The real world however, could not be kept out. The turmoil the movie industry faced in general in the 1970s hit Columbia particularly hard.  In 1972, the young business school grads who had inherited Cohn’s cramped offices on Gower Street vacated many of them to cohabitate with Warner Bros. up in Burbank.  They turned the original lot, briefly, into a tennis club. In 1998,  Columbia moved across town again, this time to its current digs, the old MGM Lot One. The Columbia Ranch stayed part of Warner Bros., which it remains today.

rko manhole

RKO was in a similar situation to Columbia, although “the biggest little major” always had the prestige and cache that Columbia originally lacked.  The studio was the first major created after the coming of sound --as its logo, that of a beeping radio tower astride the globe seemed to testify.  An actual, physical replica of this insignia used to stand on the corner of Melrose and Gower Streets, astride one of the company’s soundstages.  The studio underneath this logo was hardly any bigger than Columbia, which lay only a few blocks north but in a decidedly shoddier neighborhood.  And as with Columbia, it seemed in the early days that the executives inside would be forced by the cramped locale to build their exterior sets off-lot in the San Fernando Valley.

Instead, those executives purchased an entire, preexisting studio complex, actually another old Thomas Ince lot, also in Culver City, in January 1931 – instantly fortifying the company with an additional 11 soundstages and a spectacular standing backlot as well.  Most RKO pictures from this era were shot at one or both of these facilities, with the interiors often being shot on Gower Street and the exteriors out on “40 Acres.”  In 1937 the studio also purchased 88 additional acres in the San Fernando Valley – Encino, actually.

With postwar hard times, the Hollywood lots were purchased by General Tire and Rubber in 1955 and shortly thereafter RKO ceased active production. Lucile Ball, once a perky RKO starlet achieved the dream of every starlet by buying her old studio for her own production company, Desilu, in 1956.

Paramount Pictures was RKO’s next door neighbor.  In 1967 Paramount executives bought the property and removed the wall between the two lots.  The surviving studio now occupies the entire 65-acre compound.  Even today, a walk across Paramount’s grounds will reveal ghostly touches of RKO, including the manhole covers on the west side of the studio, which still say “RKO” (One wonders if there are any companies today, however affluent, that would go to the expense of putting their names on sewer fixtures that would be seen only by employees!) Even the famous Paramount studio water tower was in fact once part of the original RKO property.  The beeping radio tower facing the street has been removed too, of course, but the globe it stood on paradoxically remains. It looks down on a very different world indeed.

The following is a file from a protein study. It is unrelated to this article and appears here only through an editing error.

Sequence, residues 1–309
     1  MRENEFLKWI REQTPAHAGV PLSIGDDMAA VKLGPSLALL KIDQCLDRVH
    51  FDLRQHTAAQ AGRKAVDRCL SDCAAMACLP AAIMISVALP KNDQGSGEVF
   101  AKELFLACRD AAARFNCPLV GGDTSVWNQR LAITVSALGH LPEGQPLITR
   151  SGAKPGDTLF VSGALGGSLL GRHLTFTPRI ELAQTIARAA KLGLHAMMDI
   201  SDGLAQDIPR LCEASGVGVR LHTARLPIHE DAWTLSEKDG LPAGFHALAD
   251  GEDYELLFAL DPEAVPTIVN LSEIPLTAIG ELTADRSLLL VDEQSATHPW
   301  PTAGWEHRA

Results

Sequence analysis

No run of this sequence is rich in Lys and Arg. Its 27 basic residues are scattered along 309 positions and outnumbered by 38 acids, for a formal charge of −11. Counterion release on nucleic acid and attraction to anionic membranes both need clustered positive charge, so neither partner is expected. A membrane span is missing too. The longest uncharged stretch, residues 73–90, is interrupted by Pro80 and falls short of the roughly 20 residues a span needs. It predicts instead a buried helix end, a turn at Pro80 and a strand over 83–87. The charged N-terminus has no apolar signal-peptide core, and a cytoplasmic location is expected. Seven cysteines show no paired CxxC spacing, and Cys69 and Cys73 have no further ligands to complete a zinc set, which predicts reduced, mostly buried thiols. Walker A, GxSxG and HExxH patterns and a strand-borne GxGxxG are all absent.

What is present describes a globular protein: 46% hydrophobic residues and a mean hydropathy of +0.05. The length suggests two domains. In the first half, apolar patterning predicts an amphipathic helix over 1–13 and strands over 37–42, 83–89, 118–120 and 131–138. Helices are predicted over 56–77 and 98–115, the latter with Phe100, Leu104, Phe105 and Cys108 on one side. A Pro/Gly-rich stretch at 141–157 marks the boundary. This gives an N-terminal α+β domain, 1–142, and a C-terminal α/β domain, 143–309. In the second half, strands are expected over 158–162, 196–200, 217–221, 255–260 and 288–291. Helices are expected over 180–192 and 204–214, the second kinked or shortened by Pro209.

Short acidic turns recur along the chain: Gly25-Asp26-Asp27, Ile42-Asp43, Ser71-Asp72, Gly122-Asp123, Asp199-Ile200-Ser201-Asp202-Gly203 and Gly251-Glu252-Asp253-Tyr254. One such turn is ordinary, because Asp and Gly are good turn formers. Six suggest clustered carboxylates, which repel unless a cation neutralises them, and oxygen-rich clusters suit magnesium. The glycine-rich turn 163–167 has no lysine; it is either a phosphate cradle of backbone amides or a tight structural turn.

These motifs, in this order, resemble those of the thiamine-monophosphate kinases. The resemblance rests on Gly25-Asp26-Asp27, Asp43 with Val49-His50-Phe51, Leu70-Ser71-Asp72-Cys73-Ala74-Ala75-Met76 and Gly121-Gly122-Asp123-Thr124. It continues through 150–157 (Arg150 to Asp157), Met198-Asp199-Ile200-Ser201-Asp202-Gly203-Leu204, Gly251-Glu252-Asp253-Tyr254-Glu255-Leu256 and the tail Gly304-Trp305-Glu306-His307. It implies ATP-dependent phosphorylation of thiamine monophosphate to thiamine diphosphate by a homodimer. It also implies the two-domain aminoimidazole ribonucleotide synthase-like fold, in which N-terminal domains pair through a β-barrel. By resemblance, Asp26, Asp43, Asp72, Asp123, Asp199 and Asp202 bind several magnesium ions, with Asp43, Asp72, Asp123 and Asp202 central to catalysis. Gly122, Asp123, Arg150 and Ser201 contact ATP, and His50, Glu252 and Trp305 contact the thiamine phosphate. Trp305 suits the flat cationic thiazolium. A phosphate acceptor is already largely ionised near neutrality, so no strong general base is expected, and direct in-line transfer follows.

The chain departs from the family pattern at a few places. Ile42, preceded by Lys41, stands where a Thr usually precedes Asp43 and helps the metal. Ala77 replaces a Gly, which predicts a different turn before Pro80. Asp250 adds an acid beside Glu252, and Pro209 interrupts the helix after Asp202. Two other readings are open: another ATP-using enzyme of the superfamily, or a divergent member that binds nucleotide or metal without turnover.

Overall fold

Paramount, 1976.

Paramount, 1976.

Like RKO, Paramount, has always suffered somewhat in that their location, right in the center of Hollywood, became valuable quicker than the outlaying suburbs of Culver City and Burbank. With the “movie boom” of the teens and twenties came escalating real estate prices.  And, so relatively early in the game the studios with the most desirable and centralized locations, responsible for the sudden local growth to begin with, found themselves with no place to expand beyond their current locations.  Paramount’s lot was big enough for this to not be as much of a problem as it was for RKO and for Columbia, but they never had the space for the sprawling backlots which could be found at some of the other, outlying studios.

A look at the Paramount product tends to bear this out.  Most of the studio’s pictures are rather stage-bound.  There are few exteriors, and these are often soundstage exteriors, with painted backdrops and process screens substituting for the real thing. Artistically, this somewhat artificial mise en scene gave the studio’s pictures a definite and recognizable “house style.” And yet this look was definitely an economic choice rather than an artistic one.

To alleviate their lack of suitable exteriors, Paramount purchased a 2,400-acre ranch near Malibu in 1927 although perhaps due to its somewhat distant location it wasn’t used as much as other studio ranches. Sets included a New England Street, a frontier village and Calvary fort.  They actually sold the property in 1953 but continued to lease parts of it, along with other studios and independent producers, for decades.   Today the property is owned by the state. A western town, constructed shortly after the Paramount era ended still stands on the grounds. Television’s Carnivale and Dr Quinn: Medicine Woman have been comparatively recent tenants.